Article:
Disposition bias: Some investors sell well-performing stocks and hold on to ill-performing stocks for a long time believing that the tide will turn. The stock prices continue to fall but they keep holding on to them, thinking that the price will soon increase, and they will make profits. This is known as disposition bias.

Representative bias: Sometimes investors believe that two independently existing things are correlated if they encounter them together on more than one occasion. This linking of two things or events leads to representative bias.

One or more of these cognitive biases come into play when an investor makes investing decisions.

A practical example of behavioural finance

The global financial markets experienced a significant drop during the COVID-19 pandemic. But even as most stocks plummeted, the pharmaceutical sector remained robust due to the increased demand for healthcare products.

Driven by fear and uncertainty, many investors started herd trading in pharma stocks believing them to be safe bets. Eventually, when the bubble burst and the sectoral stock prices corrected, many investors suffered huge losses.

This shows behavioural biases such as herding can lead to irrational investment decisions with investors ignoring fundamental analysis and chasing a prevalent trend. Understanding these behavioural tendencies can help investors make more rational decisions.

In conclusion, behavioural finance explains how human psychology works and affects the world of finance. It tells us that instead of thinking logically and rationally, investors let past experiences, personal preferences and beliefs cloud their judgement when they make investing decisions. By understanding and addressing these psychological factors, investors can potentially improve their financial outcomes.


What is behavioural finance?
Behavioural finance is a field that combines psychology and finance to understand how emotions and cognitive biases influence financial decision-making. It delves into why investors often deviate from rational choices and how these deviations impact markets and investment outcomes

How do emotions affect investment decisions?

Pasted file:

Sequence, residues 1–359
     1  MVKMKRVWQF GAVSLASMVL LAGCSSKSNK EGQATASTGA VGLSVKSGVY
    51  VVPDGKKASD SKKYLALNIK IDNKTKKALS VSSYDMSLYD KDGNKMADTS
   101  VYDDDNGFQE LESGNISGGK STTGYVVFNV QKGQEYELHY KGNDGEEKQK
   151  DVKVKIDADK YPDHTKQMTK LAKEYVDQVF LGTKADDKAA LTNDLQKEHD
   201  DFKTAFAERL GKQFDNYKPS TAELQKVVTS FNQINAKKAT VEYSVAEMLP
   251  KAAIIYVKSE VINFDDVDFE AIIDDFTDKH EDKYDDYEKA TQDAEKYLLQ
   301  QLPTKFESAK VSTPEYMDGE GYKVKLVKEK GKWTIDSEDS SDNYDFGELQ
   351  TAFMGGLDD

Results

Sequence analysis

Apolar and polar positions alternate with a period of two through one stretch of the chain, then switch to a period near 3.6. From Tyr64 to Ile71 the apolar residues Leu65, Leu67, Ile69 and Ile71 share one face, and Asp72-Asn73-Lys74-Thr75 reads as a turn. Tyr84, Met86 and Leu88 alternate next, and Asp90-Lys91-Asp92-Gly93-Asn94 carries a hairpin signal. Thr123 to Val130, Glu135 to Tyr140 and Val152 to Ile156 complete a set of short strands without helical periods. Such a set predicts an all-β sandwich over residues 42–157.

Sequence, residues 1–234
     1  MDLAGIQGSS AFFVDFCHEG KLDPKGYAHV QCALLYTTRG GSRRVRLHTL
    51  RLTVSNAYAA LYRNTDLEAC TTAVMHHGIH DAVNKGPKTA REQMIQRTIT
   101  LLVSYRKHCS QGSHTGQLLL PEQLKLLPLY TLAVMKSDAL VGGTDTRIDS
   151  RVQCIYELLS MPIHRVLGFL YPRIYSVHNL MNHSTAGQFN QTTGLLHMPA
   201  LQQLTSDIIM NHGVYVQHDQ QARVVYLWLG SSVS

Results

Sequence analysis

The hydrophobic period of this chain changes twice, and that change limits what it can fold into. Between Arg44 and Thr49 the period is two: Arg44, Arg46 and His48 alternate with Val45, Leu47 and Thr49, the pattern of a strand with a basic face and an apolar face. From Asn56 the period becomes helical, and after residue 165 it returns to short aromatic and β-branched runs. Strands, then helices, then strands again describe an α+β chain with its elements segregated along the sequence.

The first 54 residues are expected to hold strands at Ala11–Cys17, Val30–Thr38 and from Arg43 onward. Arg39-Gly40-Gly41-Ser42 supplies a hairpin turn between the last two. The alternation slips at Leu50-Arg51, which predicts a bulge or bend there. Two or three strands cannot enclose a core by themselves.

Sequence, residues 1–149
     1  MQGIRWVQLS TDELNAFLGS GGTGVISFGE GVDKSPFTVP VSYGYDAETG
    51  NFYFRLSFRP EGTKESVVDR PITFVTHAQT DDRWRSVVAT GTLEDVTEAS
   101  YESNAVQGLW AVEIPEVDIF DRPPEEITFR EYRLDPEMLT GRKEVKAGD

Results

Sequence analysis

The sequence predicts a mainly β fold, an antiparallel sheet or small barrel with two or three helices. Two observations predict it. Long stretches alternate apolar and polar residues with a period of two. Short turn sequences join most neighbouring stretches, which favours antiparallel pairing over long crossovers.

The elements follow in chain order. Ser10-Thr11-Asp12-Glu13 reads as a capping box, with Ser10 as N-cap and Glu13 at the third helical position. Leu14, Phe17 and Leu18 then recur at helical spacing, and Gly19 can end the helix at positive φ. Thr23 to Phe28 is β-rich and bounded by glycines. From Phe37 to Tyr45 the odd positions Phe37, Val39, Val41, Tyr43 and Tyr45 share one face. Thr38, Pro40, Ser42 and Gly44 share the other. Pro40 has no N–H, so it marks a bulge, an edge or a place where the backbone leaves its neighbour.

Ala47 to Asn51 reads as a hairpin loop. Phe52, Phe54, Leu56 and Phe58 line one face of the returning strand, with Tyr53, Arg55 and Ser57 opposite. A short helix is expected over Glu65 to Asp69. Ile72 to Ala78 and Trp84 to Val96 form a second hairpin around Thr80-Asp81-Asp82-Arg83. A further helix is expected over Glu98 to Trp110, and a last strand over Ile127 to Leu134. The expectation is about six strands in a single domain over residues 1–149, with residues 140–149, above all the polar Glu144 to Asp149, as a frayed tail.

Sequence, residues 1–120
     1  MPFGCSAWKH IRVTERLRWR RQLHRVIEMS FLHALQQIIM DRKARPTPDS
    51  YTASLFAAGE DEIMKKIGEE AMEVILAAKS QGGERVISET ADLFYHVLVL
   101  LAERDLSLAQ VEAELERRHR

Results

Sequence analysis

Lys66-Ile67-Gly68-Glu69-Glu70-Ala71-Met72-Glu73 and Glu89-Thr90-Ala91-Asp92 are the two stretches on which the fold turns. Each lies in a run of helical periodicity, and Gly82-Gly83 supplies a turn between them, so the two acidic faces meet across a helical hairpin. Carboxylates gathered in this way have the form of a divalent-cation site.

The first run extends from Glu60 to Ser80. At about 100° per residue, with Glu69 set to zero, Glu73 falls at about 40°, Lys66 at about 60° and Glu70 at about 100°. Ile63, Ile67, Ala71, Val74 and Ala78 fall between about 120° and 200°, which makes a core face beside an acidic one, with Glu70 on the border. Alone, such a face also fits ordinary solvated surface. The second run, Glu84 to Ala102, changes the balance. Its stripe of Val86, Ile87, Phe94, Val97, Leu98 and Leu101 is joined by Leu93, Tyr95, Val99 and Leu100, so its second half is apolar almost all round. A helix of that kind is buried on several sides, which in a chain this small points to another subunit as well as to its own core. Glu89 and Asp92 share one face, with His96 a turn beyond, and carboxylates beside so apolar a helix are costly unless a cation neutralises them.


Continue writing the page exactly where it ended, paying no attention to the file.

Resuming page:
Emotions like fear and greed can lead to impulsive investment choices. Investors may panic during market downturns or chase hot trends, often resulting in suboptimal returns.

What are common behavioural biases?
Common biases include overconfidence, loss aversion, and herd mentality. Overconfidence leads to excessive trading, while loss aversion causes investors to avoid losses at the expense of potential gains. Herd mentality makes individuals follow the crowd, often causing bubbles and crashes.

Can behavioural finance improve investment success?
Yes, understanding behavioural finance can help investors make more rational choices. Recognizing biases and emotions allows for better decision-making and long-term financial success.

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This document should not be treated as endorsement of the views/opinions or as investment advice. This document should not be construed as a research report or a recommendation to buy or sell any security. This document is for information purpose only and should not be construed as a promise on minimum returns or safeguard of capital. This document alone is not sufficient and should not be used for the development or implementation of an investment strategy. The recipient should note and understand that the information provided above may not contain all the material aspects relevant for making an investment decision. Investors are advised to consult their own investment advisor before making any investment decision in light of their risk appetite, investment goals and horizon. This information is subject to change without any prior notice.